Pedro returns home to a small mountain village in Guerrero, Mexico after years of working in the US. He finds his daughters older, and more distant than he imagined. His wife still has the same smile. The villagers think this year’s crop will be bountiful, and there is work in a growing city nearby. But the locals are wise to a life of insecurity, and their thoughts are often of family members or opportunities far away, north of the border. —Semaine de la Critique
Calling it a film about migration reduces it to much less than what it is. At the same time it is a film which sets a very clear and limited frame (both physical and mental) in which it addresses multiple layers of emotion, family, politics and - of course - migration. It is at its strongest when it stays within that narrow framing and at its weakest (hospital scenes come to mind) when it goes more broadly.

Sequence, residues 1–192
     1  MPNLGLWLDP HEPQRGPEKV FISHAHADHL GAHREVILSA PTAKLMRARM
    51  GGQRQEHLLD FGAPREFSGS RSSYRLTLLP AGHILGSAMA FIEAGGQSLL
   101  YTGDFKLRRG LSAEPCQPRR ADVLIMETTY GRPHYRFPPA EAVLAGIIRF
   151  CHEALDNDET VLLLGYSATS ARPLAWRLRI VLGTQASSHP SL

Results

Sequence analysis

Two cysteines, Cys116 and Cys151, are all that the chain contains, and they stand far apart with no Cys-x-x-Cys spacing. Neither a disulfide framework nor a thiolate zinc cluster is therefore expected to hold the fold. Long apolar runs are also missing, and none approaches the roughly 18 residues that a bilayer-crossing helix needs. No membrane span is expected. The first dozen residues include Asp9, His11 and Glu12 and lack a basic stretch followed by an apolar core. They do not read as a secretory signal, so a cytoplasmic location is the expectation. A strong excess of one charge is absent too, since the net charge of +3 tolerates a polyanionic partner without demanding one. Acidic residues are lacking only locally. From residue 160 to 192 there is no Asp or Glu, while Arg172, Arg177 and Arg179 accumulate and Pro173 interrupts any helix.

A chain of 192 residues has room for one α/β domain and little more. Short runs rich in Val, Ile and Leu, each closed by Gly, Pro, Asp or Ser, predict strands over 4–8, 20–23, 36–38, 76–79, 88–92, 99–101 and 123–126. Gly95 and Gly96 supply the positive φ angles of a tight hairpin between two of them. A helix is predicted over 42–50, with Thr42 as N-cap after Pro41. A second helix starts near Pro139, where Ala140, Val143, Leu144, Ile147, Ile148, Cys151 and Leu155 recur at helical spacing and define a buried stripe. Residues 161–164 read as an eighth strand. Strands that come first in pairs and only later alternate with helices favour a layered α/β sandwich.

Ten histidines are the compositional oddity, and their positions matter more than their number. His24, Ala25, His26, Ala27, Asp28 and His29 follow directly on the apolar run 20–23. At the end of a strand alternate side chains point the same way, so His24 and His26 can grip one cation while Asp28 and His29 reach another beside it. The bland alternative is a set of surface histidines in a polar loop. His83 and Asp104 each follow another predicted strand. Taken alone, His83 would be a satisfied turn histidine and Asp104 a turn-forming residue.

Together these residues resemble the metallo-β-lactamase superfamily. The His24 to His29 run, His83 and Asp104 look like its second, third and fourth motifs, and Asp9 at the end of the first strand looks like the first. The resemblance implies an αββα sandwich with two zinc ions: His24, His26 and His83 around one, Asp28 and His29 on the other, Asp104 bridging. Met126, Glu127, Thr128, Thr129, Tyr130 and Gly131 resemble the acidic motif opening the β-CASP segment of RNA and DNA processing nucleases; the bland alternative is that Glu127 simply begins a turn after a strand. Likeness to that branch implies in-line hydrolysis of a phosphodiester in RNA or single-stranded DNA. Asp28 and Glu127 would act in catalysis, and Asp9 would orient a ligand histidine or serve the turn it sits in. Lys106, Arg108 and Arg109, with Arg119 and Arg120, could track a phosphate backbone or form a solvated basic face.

Eis o drama do imigrante, o mesmo de outrora e de outros filmes: O drama, para entendermos, está fora de campo, sutil, claros aos olhos do protagonista, mas longe dos nossos. Sem gestos impostados, sem clamores, sem mentiras, enfim, sem mundo-cão, mas presente, aqui, ali, em cada plano, em cada cena, aos poucos, em tempo real. Brilhante. Comovente. Intenso.
Our annual round-up of all the posters for the main slate of the New York Film Festival.